Defendants in domestic violence cases might feel that it is difficult to put their case across. This is why there will be a benefit in instructing a diligent and focused specialist criminal solicitor who will review all of the evidence in detail.
In this case, an analysis of what the complainant had said as recorded on the police Bodycam allowed David to demonstrate that the complainant might not be telling the truth.
If you wish David to represent you at either the police station or Magistrates’ Court please telephone 01246 28300 or email him here.
Monthly Archives: January 2017
Senior Crown Court litigator Laura Clarson was responsible for the preparation of a case before Wolverhampton Crown Court recently. She assembled an expert firearms team of barrister and witness. Her client was acquitted by a unanimous jury verdict following a trial lasting eight days.
Expert Firearms Team
Counsel Nick Doherty from Brudenell Chambers instructed to represent our client. He has a particular specialism in firearms law so was a perfect choice. Laura also instructed firearms expert David Dyson to comment on the evidence as to whether live or blank ammunition was used.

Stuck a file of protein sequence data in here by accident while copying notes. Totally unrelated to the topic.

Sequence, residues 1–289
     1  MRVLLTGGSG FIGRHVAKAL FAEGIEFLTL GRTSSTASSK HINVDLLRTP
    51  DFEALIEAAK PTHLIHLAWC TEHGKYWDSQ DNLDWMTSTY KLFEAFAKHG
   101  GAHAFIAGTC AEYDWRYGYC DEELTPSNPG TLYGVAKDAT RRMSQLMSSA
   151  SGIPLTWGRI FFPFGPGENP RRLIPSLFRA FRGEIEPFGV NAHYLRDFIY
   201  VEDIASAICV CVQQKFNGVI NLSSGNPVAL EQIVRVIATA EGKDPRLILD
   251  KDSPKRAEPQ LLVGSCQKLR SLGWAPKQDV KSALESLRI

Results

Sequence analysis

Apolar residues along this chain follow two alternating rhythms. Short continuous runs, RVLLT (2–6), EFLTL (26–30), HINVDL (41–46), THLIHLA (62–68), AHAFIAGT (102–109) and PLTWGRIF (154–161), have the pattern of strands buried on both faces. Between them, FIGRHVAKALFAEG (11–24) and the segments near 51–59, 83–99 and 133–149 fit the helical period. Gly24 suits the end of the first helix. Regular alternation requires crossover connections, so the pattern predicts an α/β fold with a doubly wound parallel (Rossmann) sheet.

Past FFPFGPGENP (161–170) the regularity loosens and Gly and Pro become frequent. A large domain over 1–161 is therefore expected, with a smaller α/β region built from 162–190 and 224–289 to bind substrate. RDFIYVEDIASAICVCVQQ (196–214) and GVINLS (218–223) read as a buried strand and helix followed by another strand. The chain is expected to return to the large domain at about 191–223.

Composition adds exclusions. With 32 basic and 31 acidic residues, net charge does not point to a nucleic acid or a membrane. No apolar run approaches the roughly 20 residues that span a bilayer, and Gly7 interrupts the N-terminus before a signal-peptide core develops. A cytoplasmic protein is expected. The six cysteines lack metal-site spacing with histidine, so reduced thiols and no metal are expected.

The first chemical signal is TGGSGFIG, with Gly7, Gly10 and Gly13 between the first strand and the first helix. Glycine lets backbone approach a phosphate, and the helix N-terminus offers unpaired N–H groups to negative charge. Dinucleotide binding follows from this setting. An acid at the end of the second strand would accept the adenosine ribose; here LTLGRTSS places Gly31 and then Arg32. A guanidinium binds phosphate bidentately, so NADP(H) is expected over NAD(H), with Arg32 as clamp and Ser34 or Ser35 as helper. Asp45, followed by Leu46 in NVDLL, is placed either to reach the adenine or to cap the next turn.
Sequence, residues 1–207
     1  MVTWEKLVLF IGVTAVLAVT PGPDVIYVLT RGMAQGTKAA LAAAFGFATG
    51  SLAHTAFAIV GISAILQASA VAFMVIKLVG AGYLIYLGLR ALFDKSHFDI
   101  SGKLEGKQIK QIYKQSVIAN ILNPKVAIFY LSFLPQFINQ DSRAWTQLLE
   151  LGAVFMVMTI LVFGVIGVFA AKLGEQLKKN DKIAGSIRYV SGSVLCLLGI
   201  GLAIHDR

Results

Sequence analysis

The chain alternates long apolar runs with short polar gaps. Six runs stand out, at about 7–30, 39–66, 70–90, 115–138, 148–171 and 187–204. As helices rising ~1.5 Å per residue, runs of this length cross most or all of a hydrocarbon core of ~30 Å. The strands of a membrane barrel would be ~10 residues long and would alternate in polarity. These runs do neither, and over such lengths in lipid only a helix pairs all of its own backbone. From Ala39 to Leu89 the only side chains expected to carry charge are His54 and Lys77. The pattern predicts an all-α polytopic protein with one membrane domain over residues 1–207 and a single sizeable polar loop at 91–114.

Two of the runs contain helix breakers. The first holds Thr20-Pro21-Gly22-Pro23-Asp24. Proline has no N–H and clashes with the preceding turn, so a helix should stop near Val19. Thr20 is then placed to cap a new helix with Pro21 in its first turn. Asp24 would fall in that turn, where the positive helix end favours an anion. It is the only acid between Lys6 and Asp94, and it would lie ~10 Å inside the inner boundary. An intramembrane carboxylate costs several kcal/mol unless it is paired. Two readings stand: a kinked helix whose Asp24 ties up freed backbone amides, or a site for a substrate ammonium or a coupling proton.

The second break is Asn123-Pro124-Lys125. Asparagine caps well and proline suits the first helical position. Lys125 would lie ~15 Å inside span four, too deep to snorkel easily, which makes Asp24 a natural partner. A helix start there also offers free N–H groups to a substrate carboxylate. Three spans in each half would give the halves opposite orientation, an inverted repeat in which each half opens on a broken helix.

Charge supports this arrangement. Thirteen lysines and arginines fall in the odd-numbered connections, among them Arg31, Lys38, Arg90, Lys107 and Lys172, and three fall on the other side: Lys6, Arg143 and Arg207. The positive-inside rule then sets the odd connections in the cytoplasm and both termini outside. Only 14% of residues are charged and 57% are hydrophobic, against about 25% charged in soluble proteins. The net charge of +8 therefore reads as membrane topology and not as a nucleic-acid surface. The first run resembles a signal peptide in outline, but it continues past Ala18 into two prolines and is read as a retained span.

Laura’s client had a licence to hold firearms. He was charged with possession of a firearm with intent to cause fear of unlawful violence. It was said that he fired live rounds of ammunition in the middle of the street in which he lived.
Bullet casings recovered from the scene together with evidence of an independent witness which supported this. Laura’s client maintained that no live rounds were discharged from the rifle and that he fired a single blank round in order to scare away two males. They were armed with a machete and a samurai sword. They were threatening him and his sons with those weapons.
As a result, our client claimed that no unlawful violence was threatened. He was acting in defence of himself and his family.
Mr Dyson, as a leading expert witness in the field of firearms, was called to give evidence as to the type of ammunition recovered. and was able to give independent opinion supportive of our client’s case.
Laura had to actively pursue the prosecution for undisclosed evidence. A witness had given information to the police that was helpful to her client. This information had not been disclosed by the police because she wanted to remain anonymous.